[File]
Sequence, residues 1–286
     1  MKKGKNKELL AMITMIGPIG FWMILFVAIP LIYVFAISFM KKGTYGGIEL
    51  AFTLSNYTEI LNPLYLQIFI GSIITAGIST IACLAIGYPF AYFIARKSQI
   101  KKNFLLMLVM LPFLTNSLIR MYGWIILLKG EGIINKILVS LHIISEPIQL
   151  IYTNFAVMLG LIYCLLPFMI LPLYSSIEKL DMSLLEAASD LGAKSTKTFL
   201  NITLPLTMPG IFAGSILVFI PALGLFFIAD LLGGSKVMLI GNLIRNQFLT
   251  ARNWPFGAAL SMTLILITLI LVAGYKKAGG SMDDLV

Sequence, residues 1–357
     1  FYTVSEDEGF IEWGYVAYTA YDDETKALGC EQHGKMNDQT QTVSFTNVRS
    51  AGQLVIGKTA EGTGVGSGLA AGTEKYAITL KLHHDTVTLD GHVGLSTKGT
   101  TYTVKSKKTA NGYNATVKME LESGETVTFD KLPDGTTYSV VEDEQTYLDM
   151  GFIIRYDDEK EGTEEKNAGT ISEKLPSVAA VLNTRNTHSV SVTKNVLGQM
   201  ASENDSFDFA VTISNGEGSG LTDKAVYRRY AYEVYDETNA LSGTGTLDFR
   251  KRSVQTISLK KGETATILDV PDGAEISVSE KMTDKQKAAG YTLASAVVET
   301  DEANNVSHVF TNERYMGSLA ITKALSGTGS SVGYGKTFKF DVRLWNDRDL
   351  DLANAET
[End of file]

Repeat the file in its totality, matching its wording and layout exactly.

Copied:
Sequence, residues 1–286
     1  MKKGKNKELL AMITMIGPIG FWMILFVAIP LIYVFAISFM KKGTYGGIEL
    51  AFTLSNYTEI LNPLYLQIFI GSIITAGIST IACLAIGYPF AYFIARKSQI
   101  KKNFLLMLVM LPFLTNSLIR MYGWIILLKG EGIINKILVS LHIISEPIQL
   151  IYTNFAVMLG LIYCLLPFMI LPLYSSIEKL DMSLLEAASD LGAKSTKTFL
   201  NITLPLTMPG IFAGSILVFI PALGLFFIAD LLGGSKVMLI GNLIRNQFLT
   251  ARNWPFGAAL SMTLILITLI LVAGYKKAGG SMDDLV

Sequence, residues 1–357
     1  FYTVSEDEGF IEWGYVAYTA YDDETKALGC EQHGKMNDQT QTVSFTNVRS
    51  AGQLVIGKTA EGTGVGSGLA AGTEKYAITL KLHHDTVTLD GHVGLSTKGT
   101  TYTVKSKKTA NGYNATVKME LESGETVTFD KLPDGTTYSV VEDEQTYLDM
   151  GFIIRYDDEK EGTEEKNAGT ISEKLPSVAA VLNTRNTHSV SVTKNVLGQM
   201  ASENDSFDFA VTISNGEGSG LTDKAVYRRY AYEVYDETNA LSGTGTLDFR
   251  KRSVQTISLK KGETATILDV PDGAEISVSE KMTDKQKAAG YTLASAVVET
   301  DEANNVSHVF TNERYMGSLA ITKALSGTGS SVGYGKTFKF DVRLWNDRDL
   351  DLANAET